Cheapest Grocery Store Comparison

by Mike Holman

I’ve heard from many people that certain grocery stores are much cheaper than other ones. Loblaws in particular is usually named as one of the more expensive ones whereas No Frills is considered one of the cheapest. I’ve always been doubtful that there is a huge difference between stores but since I’ve never compared prices before I didn’t really know. Our average grocery bill for this year is $591 per month so it’s worth seeing if we can save a bit. We shop exclusively at Loblaws because it’s the most convenient store from my house although there is a Price Choppers which is almost as convenient. Food Basics and No Frills are not too far but much less convenient.

Which grocery store is the cheapest?

After reading about various other bloggers reducing their food bill,I decided to carry out some research of my own. I planned to do a price comparison of the four nearby grocery stores using a basket of goods made of up items which our family buys regularly. What I want to see is if there really is a big difference between Loblaws and the other stores and also to see where the best prices are for various items since the cheapest goods probably won’t all be at the same store.

Cheapest grocery store experiment

To perform the experiment I found an old notebook which I could use to write down the data and then set off to the various grocery stores with wife & son in tow. First stop was Price Choppers – since I didn’t have a list of items yet I wandered around and just wrote down items and prices of goods that I know we buy frequently since I figured they should make up a significant part of the food bill. I only wanted to make a sample list, it would be too much work to compare every item we buy over the course of several months. I ended up with a list of 24 items including all the normal staples. Next stop was Loblaws, followed by Food Basics and then No Frills.

You’ll notice in the spreadsheet below that I’ve used a multiplier on all the items to try to estimate how many of that particular item we use in a month. This was done to try to create a proportional basket of goods, based on market capitalization if you will.

Cheapest groceries result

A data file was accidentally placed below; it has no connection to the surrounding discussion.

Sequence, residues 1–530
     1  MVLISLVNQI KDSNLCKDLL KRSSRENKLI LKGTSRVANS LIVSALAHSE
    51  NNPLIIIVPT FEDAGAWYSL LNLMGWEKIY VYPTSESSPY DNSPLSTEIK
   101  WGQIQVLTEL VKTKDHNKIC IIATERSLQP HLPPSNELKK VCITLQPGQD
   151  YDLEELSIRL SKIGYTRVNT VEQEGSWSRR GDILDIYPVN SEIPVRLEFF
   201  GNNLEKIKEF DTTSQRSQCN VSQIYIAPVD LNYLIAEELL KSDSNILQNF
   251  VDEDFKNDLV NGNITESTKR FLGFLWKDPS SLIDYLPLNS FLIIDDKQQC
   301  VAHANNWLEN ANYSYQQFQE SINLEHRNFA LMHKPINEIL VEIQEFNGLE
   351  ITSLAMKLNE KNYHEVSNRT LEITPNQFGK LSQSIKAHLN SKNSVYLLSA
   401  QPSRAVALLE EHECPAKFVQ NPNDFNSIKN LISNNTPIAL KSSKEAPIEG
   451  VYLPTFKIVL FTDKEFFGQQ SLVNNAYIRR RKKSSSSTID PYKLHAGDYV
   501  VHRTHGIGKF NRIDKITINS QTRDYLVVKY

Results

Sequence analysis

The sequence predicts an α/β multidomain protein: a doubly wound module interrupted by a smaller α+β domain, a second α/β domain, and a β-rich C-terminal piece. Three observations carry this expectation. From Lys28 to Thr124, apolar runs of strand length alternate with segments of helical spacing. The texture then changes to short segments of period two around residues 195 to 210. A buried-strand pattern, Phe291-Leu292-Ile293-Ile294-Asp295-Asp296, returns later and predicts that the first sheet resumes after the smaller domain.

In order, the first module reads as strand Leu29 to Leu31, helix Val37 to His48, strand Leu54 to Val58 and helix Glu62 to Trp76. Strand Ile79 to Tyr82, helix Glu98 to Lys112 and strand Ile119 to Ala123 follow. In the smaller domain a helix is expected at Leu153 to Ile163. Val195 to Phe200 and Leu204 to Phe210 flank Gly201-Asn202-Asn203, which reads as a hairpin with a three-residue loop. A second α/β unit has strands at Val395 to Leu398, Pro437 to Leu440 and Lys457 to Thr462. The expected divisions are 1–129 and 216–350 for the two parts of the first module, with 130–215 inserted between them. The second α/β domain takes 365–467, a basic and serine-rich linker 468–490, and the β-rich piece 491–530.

The results were quite interesting. Loblaws was indeed the most expensive but not by a whole lot. Food Basics was 5% cheaper than Loblaws and Price Choppers was 10% cheaper than Loblaws, No Frills was the cheapest at 16% less. Some of the items had huge discrepancies in price while other items were priced similarly at all the stores.

The other basket of goods I created was to add up all the cheapest prices for each item. This basket which would require a lot more effort since it would involve shopping at all four stores, priced in at 20% cheaper than Loblaws which is a significant savings.

Now that we’ve seen the results from this experiment we will definitely make the effort to buy items where they are the cheapest. It’s unlikely that we’ll be able to save the full 20% saving that we could achieve by only buying the cheapest item at all four stores, but I’m hoping that we can save somewhere between 5-10% off our bill without having to go through a lot of extra effort. The spreadsheet with all the data is linked below.

Other ways to save money on groceries are:

  1. Cut down on wastage. This is hard to do but by keeping the fridge clean and looking around in it once in a while you should be able to keep wastage to a minimum.
  2. Buy cheese blocks instead of slices. I love cheese slices but I compared the prices of some recent purchases and it was $1.29 per 100g of block cheese vs $2.09/100g of sliced – 62% more! I think if we can buy a block then slice it up and store in tupperware in the fridge it will still be pretty convenient to use.
  3. Watch the packaging – those squeeze bottles of ketchup, mustard and mayo are apparently more expensive than the regular containers.

If you have any other suggestions for me then I’d love to hear them!

Shopping Experiment Spreadsheet

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